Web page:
SAN JOSE, Calif. — Emerging efforts to forge a business out of exploring space are making progress, but the sector still has -- literally -- a long way to go, according to a panel of experts.
Private sector companies are now actively resupplying the International Space Station at a fraction of the cost of prior government services. The next big milestone will come when NASA awards contracts for its Orion manned space vehicle programs.
Speaking of the ISS resupply missions, NASA Ames Research Center director Simon "Pete" Worden said "this stuff is going really well.
"The space economy is emerging and we government guys have to get used to the fact we are not going to make it all happen by ourselves," Worden said at the New Space event here.
He pointed to startups such as Moon Express in Silicon Valley, work on nano-satellites at the University of Michigan that generated a Kickstarter campaign, and efforts from Tel Aviv to Shanghai.
"You don't think of Lithuania as a space power, but they launched some satellites, and I met their prime minister a few weeks ago." Worden said. "I was in Jordon recently. There's great talent around the world."
The US Air Force is evaluating commercial Falcon rockets, said Daniel Mosqueda, Director of Air Force programs for the Universities Space Research Association. "I can't discuss some of the companies we're working with because some of that is proprietary, but we are getting launch costs down to millions instead of hundreds of millions," he said.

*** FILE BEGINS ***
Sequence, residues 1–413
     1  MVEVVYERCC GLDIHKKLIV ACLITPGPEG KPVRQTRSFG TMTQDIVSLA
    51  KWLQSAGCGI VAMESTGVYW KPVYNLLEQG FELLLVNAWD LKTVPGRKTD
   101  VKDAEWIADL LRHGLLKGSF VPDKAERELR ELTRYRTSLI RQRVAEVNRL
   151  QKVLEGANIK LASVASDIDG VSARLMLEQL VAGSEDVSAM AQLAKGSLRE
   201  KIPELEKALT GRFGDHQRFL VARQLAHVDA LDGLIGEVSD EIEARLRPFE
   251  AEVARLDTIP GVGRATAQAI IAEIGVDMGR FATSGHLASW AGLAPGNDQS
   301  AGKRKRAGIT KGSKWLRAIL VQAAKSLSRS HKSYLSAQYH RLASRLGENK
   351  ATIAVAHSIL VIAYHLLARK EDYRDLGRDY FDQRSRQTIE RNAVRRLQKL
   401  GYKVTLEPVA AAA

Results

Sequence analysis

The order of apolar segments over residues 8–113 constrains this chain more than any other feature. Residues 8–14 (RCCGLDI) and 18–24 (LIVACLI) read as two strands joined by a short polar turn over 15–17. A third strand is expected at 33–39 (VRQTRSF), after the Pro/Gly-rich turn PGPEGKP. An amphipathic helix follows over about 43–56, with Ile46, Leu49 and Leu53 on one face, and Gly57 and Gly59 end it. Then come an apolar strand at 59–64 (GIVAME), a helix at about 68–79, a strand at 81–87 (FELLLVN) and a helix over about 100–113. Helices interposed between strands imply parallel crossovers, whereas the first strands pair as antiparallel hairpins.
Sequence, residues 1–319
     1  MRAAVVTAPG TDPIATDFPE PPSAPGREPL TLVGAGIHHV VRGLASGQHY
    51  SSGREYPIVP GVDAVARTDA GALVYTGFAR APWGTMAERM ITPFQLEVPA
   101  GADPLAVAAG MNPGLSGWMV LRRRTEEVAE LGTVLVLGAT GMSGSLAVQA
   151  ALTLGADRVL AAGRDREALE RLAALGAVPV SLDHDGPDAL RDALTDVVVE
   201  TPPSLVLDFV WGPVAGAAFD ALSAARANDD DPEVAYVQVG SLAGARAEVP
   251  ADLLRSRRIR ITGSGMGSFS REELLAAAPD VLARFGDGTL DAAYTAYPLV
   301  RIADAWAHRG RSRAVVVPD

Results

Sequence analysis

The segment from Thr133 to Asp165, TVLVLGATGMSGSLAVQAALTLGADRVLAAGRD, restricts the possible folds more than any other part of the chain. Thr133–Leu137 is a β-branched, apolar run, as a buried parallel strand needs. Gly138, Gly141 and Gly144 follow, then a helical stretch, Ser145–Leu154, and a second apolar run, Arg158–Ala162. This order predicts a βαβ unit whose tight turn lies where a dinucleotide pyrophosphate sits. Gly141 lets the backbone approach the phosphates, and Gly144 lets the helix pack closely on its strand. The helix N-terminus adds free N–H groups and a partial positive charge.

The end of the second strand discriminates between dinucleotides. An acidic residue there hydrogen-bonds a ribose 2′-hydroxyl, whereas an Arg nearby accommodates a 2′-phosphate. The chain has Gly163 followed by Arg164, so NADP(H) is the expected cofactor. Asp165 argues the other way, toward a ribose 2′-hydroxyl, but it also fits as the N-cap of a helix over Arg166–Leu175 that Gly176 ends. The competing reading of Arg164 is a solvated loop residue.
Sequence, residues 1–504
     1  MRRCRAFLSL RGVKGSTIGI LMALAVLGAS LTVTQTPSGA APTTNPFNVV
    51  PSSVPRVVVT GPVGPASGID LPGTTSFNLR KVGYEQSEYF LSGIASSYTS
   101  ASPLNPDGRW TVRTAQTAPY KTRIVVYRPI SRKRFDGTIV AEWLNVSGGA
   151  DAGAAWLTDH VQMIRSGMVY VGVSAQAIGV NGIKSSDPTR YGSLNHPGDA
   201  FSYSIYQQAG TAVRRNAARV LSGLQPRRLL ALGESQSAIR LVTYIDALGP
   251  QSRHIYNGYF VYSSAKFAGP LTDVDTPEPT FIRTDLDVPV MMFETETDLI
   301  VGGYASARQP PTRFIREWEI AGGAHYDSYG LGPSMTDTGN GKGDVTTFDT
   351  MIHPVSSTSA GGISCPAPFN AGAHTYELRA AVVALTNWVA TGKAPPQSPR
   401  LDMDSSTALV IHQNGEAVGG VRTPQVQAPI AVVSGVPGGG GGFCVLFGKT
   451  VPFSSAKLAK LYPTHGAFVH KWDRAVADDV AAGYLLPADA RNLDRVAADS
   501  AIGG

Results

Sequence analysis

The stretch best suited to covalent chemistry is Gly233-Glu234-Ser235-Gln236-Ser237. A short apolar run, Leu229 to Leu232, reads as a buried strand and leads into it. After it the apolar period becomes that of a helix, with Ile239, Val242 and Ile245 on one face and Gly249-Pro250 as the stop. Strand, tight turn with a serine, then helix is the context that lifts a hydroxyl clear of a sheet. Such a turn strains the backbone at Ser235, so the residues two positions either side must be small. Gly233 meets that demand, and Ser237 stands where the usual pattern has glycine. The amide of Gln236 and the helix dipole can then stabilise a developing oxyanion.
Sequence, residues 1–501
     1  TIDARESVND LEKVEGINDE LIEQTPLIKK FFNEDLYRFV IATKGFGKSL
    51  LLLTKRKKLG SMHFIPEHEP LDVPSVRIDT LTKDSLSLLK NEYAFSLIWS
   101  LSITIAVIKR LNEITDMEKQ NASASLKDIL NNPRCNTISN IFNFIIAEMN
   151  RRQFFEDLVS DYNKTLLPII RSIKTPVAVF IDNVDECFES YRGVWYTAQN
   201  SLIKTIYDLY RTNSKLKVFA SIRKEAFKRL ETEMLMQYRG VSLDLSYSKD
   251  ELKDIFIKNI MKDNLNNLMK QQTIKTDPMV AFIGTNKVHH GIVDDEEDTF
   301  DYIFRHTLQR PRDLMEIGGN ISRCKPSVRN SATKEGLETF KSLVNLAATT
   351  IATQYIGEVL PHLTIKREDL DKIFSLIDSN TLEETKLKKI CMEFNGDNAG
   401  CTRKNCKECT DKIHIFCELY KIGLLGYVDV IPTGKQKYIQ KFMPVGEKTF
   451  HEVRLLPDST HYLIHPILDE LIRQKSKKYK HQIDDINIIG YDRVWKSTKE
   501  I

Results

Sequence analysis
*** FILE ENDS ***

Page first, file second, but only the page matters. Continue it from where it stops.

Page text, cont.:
The Air Force also is mulling opportunities to let private companies launch some of its military payloads into space. "That would have never happened in past, but it's happening now," Mosqueda said.
Budget cuts in government space programs "were one of the best things that happened -- it forced us to figure out what to do, and now we are looking much more closely at lower-cost launch and delivery systems," he added.
The commercial space movement has come a long way since it was perceived as a bunch of "tin-foil-hat-wearing twinkies," said Michael Lopez-Alegria, president of the Commercial Spaceflight Federation. But companies need to be "steel eyed" about safety.
"We still have to demonstrate success. You won't make money if you hurt people," he said.
In recognition of that fact, Richard Branson said last year that he and his children will be passengers on the first commercial flight to the edge of space by his company, Virgin Galactica, scheduled for later this year.
— Rick Merritt, Silicon Valley Bureau Chief, EE Times